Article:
The Biden administration on Thursday set live a new website meant to keep track of non-fatal opioid doses nationwide, aiming to eventually use the data to better “connect people to life-saving treatment for substance use disorder,” the White House said in a statement.
The dashboard was launched in partnership between the White House Office of National Drug Control Policy and the National Highway Traffic Safety Administration, and will use data from the National EMS Information System to compare local and regional jurisdictions where first responders answer calls regarding overdoses to national averages.
The site will examine data across four categories: the population rate of non-fatal overdoses in any given community, the average amount of naloxone administrations per patient, the average amount of time it took emergency personnel to reach a person experiencing an overdose and the percentage of how many such patients were not transported to a medical facility for subsequent treatment.
The site will not include data on bystander interventions, such as when non-emergency personnel successfully administer naloxone to opioid overdose patients, meaning it is likely “an underestimate of all naloxone administration in the nation,” per the White House. Naloxone is a medication approved by the Federal Drug Administration that can quickly reverse an overdose from opioids including heroin, morphine and oxycodone.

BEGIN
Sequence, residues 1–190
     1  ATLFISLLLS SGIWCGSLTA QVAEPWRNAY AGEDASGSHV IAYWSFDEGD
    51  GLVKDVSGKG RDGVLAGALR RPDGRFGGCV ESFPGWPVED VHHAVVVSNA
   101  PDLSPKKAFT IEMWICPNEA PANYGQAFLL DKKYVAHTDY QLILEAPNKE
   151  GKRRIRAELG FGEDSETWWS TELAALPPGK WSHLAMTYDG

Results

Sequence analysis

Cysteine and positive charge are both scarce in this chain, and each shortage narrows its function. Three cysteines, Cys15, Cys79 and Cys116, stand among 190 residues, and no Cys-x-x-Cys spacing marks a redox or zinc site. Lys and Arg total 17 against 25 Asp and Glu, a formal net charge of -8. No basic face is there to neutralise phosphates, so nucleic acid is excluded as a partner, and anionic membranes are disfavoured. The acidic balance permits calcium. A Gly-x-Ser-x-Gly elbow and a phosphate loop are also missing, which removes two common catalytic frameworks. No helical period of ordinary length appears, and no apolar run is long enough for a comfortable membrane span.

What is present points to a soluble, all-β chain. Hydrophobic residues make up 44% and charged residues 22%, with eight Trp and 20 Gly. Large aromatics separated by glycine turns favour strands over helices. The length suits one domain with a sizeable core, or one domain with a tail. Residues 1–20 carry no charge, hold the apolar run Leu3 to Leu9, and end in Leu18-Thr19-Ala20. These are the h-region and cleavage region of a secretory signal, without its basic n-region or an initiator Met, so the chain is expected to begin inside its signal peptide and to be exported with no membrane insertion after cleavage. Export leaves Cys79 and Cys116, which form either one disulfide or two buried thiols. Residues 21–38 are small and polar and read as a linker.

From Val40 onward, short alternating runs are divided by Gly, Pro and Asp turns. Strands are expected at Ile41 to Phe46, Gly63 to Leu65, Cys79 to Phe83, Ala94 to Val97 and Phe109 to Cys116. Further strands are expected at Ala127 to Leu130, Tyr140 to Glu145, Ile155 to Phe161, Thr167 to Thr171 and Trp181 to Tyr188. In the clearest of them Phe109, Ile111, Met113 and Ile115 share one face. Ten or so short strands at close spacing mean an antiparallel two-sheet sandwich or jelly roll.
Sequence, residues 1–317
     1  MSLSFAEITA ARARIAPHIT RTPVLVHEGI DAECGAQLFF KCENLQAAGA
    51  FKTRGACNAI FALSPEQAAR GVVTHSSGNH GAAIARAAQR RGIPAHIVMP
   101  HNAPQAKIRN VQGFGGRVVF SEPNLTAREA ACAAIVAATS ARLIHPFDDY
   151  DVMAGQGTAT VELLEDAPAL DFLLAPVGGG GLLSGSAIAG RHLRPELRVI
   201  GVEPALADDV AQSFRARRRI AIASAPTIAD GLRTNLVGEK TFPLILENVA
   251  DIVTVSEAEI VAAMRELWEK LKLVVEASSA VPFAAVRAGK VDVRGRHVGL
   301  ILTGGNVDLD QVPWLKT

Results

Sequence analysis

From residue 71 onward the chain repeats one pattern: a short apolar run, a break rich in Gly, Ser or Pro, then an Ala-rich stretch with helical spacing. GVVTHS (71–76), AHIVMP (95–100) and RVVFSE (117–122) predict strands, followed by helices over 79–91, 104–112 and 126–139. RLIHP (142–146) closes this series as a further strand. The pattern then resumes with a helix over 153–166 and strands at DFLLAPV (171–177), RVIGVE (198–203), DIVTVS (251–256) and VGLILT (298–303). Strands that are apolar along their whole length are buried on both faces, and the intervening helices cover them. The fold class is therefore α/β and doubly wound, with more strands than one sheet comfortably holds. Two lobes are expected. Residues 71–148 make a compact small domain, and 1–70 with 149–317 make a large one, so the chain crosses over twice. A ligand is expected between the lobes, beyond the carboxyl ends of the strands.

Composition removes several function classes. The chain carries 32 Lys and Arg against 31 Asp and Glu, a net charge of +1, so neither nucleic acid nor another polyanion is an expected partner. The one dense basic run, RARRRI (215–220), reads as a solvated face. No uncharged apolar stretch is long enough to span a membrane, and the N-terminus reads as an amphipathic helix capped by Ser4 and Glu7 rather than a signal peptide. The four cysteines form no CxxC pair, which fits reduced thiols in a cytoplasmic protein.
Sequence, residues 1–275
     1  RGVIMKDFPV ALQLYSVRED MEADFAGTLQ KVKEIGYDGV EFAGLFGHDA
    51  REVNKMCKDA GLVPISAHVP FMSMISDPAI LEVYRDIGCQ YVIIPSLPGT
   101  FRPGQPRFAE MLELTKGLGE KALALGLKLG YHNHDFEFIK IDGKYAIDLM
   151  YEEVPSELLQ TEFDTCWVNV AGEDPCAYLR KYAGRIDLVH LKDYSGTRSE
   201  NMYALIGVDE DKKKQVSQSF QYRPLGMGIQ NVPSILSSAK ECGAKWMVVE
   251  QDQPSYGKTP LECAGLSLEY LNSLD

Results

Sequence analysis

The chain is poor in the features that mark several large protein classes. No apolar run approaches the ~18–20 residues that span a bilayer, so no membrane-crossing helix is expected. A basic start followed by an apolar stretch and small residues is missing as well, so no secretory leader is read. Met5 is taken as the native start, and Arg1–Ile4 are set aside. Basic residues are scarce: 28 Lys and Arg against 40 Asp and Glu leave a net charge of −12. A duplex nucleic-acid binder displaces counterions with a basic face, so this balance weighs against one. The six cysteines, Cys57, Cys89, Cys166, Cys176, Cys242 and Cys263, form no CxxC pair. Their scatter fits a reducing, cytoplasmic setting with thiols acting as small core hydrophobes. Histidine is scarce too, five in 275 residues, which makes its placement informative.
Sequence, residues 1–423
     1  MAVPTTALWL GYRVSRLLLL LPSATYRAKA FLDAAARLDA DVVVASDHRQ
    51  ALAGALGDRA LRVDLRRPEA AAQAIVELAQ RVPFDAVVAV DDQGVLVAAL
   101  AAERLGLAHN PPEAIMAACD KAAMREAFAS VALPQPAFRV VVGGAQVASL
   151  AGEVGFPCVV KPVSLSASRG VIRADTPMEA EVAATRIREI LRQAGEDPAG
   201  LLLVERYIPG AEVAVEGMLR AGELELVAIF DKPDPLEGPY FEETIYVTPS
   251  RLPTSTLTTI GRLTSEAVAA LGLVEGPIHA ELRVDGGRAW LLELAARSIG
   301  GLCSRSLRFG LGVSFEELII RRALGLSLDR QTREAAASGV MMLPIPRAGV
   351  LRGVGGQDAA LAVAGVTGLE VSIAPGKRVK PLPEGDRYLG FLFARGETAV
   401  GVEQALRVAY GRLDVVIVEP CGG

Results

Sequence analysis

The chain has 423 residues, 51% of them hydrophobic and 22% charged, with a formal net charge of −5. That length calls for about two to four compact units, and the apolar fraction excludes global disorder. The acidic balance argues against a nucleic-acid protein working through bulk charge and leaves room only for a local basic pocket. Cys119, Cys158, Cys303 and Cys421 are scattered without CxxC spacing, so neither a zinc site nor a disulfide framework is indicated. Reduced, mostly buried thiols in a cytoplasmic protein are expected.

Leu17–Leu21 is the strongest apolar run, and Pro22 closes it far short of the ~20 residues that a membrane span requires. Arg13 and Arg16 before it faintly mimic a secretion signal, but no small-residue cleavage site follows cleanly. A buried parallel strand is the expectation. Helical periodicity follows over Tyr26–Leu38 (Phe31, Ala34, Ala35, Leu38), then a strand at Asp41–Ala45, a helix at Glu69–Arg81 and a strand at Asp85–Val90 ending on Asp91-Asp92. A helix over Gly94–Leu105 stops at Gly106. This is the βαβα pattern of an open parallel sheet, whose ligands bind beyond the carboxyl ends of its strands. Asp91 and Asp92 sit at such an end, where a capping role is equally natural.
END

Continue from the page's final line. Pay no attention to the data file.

Administration officials hope that, over time, trends in the data will emerge that will help them tailor jurisdictional solutions to the opioid epidemic.
“Before today, the best available data at our disposal was the number of Americans dying from an overdose, which was too late to help save a life,” Dr. Rahul Gupta, director of ONDCP, said in part. “With this new dashboard, we can now provide first responders, clinicians, and policymakers with real-time, actionable information that will improve our response and save lives.”
The Non-Fatal Opioid Overdose Tracker will be updated every two weeks on Mondays, and over the coming year will evolve to include data on non-fatal overdoses from non-opioids. Officials also plan to publish information on patient outcomes, announcements on jurisdictional changes and more on the dashboard as it becomes available.
As of Thursday, the average EMS response time to opioid overdose patients hovered around 9.8 minutes. According to dashboard data, areas containing the highest rates of non-fatal overdoses included the cities of Portsmouth and Roanoke, Virginia and counties Powell and Carroll in Kentucky; Walker, Alabama; Orleans, Louisiana; Jasper, South Carolina; Mahnomen, Minnesota; Menominee, Wisconsin and Philadelphia.
“State EMS officials and clinicians provide nearly 49 million records a year to the National EMS Information System,” Ann Carlson, acting administrator of NHTSA, wrote in a statement. “This is a treasure trove of data that can help us identify areas most at risk of overdoses and direct resources and support accordingly to respond before it’s too late.”
Opioids are currently the main driver of overdose deaths in the United States, with a little over 82% of opioid-related overdose deaths involving synthetic opioids, according to data from the Centers for Disease Control and Prevention. Approximately 75,673 died from opioid-related overdoses in the 12 months before April 2021, up from 56,064 in the same time period a year prior.
In a call with reporters on Wednesday, Gupta said the U.S. has seen over 81,00 opioid-related deaths over the past 12 months, adding that “experiencing a nonfatal overdose is one of the most important predictors of a future fatal overdose.”
According to data published Thursday, there were more than 182,000 opioid overdoses in the past year with a nationwide rate of nonfatal overdoses per 100,000 people resting around 55%.